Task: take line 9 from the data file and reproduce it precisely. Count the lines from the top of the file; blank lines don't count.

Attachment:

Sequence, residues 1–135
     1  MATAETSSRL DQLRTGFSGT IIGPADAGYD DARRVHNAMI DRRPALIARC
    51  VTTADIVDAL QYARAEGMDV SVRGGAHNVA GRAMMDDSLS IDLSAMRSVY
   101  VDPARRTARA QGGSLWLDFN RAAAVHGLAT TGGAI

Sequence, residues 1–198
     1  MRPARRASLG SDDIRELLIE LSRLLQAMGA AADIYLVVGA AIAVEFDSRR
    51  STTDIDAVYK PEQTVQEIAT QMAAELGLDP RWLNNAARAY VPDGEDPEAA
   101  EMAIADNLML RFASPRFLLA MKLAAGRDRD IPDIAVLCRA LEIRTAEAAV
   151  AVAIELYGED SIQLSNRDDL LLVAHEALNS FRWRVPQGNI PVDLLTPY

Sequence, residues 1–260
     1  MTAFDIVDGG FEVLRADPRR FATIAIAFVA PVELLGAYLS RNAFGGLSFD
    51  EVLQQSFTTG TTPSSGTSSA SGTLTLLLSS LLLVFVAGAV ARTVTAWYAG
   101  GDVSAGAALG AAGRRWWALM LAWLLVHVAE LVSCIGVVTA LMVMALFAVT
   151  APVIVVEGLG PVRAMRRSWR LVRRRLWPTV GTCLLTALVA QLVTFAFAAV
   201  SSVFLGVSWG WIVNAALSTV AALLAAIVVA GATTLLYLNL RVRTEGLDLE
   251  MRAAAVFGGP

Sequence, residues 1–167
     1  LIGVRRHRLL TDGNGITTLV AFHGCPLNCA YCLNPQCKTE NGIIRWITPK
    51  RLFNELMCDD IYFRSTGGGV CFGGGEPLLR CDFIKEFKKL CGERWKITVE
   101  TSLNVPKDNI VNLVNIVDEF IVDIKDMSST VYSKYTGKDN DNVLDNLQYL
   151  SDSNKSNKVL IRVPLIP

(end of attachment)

   151  AVAIELYGED SIQLSNRDDL LLVAHEALNS FRWRVPQGNI PVDLLTPY